Authors:N. Kallithrakas-Kontos, K. Zoumi, S. Nikolakaki, and P. Kritidis
Most of the Greek lignite power plants have been installed in the area of Ptolemais, and a major part of them during the period
1981–1990. Aerosol filters collected in the first and the last years of the decade have been analysed for trace elements as
well as for radioactivity (total beta) content. Analysis was performed by radioisotope excited X-ray fluorescence, and 17
elements were determined. A special interest is focused on lead concentrations, an element whose environmental concentrations
are regulated by the Greek law; the results for lead were validated by atomic absorption spectrometry. Trace element and radioactivity
levels were found significantly lower than the current limit. Enrichment factors and correlation among the analysed elements
were also estimated.
Authors:S. K. Aghara, S. Venkatraman, A. Manthiram, and E. Alvarez II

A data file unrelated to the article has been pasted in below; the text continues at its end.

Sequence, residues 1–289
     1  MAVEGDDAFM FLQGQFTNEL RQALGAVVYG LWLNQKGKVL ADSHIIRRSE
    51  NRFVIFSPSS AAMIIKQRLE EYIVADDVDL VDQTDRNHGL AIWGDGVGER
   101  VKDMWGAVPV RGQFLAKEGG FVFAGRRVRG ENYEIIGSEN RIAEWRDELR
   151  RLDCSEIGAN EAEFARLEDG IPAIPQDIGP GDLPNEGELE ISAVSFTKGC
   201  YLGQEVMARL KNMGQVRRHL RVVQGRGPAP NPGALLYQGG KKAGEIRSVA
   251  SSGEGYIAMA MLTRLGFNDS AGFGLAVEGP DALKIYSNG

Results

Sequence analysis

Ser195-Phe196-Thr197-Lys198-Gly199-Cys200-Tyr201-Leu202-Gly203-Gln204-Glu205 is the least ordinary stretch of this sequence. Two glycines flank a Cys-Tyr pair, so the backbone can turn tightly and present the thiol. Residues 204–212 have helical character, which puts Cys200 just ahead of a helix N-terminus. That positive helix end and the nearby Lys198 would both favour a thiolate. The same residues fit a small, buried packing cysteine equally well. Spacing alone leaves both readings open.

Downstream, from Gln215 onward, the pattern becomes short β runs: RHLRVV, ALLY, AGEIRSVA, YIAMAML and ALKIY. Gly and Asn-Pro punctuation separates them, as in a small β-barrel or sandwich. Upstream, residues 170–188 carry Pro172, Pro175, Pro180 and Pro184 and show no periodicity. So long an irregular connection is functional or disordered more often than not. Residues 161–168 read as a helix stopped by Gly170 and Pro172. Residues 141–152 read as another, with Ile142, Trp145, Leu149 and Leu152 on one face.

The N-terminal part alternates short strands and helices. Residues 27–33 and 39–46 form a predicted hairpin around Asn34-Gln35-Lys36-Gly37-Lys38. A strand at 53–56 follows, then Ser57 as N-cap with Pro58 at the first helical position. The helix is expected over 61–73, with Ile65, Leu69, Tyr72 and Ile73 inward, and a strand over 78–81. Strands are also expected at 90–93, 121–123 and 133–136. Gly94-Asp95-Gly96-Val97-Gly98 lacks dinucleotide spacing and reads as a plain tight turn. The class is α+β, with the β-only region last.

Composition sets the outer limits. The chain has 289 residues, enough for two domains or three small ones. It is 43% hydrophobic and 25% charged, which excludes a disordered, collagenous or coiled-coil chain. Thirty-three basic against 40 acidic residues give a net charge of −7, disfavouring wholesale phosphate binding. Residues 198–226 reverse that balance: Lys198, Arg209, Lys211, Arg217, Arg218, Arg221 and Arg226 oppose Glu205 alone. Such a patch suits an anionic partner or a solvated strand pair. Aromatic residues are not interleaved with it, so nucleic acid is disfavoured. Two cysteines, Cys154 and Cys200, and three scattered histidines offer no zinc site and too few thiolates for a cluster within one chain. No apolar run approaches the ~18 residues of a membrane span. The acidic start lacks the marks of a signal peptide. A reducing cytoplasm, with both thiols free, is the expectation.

Lithium-ion batteries are widely used as a power source for portable electronic devices. Currently, only 50-70% of the theoretical capacity of the layered oxide cathode (positive electrode) materials could be reversibly used. The reason for this limitation is not fully understood in the literature. Recent structural and chemical characterizations of chemically delithiated (charged) cathodes suggest that loss of oxygen from the lattice may play a role in this regard. However, during the chemical delithiation process any proton inserted from the solvent could adversely affect the oxygen content analysis data. The challenge in addressing this issue is to detect and determine precisely the proton content in the chemically delithiated samples. The prompt gamma-ray activation analysis (PGAA) facility at the Nuclear Engineering Teaching Laboratory (NETL) is used to determine the proton content in the layered oxide cathode LiNi0.5Mn0.5O2 before and after chemical delithiation. The data are compared with those obtained with Fourier transform infrared (FTIR) spectroscopy, which can provide mainly qualitative analysis. The technique has proved to be promising for these compounds and will be applied to characterize several other chemically delithiated Li1-xCo1-yMyO2 (M = Cr, Mn, Fe, Ni, Cu, Mg, and Al) cathodes.